Si534x or Si538x IC). Connect the provided USB cable to your PC and the CBPROG-DONGLE. The CBPROGDONLGE is then connected to the target device using the provided cables or a programming socket, depending
upon the four ways you may use the programmer as detailed in “5. Ways You can Use the Programmer”.
5. Ways You can Use the Programmer
The following four sections describe four ways you can use the CBPROG-DONGLE.
5.1. In-Socket NVM Programming
This workflow describes the process of programming or “burning” the non-volatile memory (NVM) of loose devices
using the Si538X4X-44SKT or Si538X4X-64SKT boards that feature a programming socket. Once completed, this
flow will “burn” a complete configuration from CBPro into one of the banks of NVM on the device. Devices shipped
from Silicon Labs have two NVM banks available to program (“burn”).
The steps needed to program a device’s NVM are as follows:
1. Assuming the CBPro software installs without error, connect the CBPROG-DONGLE adapter with the USB
cable to the PC on which CBPro was installed. Use the USB extender cable (provided with the kit) if your
host PC is located far from the CBPROG-DONGLE.
Figure 5. PC to CBPROG-DONGLE Connection
2. Insert a base or previously pre-programmed (e.g. OPN) Si538x/4x device into the QFN socket.
Socket and DUT Orientation: It is important to ensure the DUT is in the correct orientation before powering
up the board. If not orientated correctly the software has a feature to auto-detect it is not able to read the
part. Likely the reason is there is no part in the socket or it is oriented incorrectly. The part will not be
damaged if oriented incorrectly. The DUT has two circles on the part. The smaller circle is the pin 1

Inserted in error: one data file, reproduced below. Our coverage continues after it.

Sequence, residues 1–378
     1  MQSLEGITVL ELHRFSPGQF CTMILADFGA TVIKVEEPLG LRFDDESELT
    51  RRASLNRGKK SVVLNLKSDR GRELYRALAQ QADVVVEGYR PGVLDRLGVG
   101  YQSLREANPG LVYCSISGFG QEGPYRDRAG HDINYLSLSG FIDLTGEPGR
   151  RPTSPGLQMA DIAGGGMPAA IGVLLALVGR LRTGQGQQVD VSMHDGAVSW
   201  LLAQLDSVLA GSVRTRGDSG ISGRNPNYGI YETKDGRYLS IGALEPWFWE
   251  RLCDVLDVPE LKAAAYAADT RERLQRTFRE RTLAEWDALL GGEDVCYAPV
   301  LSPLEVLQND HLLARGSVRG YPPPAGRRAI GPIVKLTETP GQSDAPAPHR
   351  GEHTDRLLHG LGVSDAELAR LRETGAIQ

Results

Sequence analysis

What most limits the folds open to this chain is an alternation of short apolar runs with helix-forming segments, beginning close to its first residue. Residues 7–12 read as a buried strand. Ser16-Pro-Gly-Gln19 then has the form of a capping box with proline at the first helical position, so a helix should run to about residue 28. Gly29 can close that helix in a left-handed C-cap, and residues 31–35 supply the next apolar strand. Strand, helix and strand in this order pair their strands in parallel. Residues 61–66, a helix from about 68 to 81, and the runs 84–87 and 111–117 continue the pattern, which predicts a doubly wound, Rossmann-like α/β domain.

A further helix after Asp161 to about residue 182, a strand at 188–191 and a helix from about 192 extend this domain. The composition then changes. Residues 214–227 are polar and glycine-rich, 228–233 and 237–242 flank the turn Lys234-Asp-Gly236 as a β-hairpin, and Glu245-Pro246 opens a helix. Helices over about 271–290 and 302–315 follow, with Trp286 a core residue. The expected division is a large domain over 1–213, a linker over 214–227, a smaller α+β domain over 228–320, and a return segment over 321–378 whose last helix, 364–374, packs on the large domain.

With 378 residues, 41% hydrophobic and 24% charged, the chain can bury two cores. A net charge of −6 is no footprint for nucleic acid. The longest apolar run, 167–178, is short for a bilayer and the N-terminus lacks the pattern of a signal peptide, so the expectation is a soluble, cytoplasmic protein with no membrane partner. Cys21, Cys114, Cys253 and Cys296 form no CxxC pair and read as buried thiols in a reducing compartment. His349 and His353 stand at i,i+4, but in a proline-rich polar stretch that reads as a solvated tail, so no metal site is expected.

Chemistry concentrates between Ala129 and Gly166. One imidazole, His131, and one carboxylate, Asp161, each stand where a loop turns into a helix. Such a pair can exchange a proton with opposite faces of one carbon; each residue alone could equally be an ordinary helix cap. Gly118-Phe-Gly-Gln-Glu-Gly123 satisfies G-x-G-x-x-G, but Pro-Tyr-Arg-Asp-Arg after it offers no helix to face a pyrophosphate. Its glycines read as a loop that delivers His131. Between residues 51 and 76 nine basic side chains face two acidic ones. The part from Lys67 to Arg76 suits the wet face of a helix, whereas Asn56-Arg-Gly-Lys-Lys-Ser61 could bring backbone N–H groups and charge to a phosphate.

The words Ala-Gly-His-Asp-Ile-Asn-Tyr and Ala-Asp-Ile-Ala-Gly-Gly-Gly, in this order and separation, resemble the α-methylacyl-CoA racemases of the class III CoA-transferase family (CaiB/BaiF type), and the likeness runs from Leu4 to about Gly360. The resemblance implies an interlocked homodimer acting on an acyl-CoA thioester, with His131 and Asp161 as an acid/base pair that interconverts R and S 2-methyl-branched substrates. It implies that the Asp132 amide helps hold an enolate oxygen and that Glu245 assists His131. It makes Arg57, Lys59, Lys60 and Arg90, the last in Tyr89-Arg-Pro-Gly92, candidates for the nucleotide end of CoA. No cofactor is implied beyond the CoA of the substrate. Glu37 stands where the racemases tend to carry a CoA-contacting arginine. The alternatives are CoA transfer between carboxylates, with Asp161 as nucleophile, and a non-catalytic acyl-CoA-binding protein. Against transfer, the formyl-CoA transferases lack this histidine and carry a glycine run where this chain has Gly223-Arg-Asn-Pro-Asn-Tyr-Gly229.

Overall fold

indicator. Pin 1 on the socket is lined up with the U1 and dot symbol on the silk screen.
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Figure 6. Correct Orientation of a DUT in the QFN Socket
Note: Power is not applied to the socket’s VDD and VDDA pins unless explicit action by you within CBPro. It is safe to:
1. Insert or remove a DUT in the socket before or after the socket has been connected to the main board.
2. Insert or remove a DUT in the socket before or after power has been applied to the main board by connecting the USB
cable to your PC.
As will be discussed in the walk-through that follows, power is only applied to the DUT when you explicitly scan for
a DUT or initiate a burn. Power is automatically off at all other times.
3. Connect the QFN Field Programmer Socket Board with the DUT into the CBPROG-DONGLE. Use the
male-to-female ribbon cable if needed.
Figure 7. System from PC to Programming CBPROG-DONGLE Board to QFN Field Programmer
Socket Board
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4. Start ClockBuilder Pro by locating the icon (see Figure 8) on your desktop or Windows Start Menu.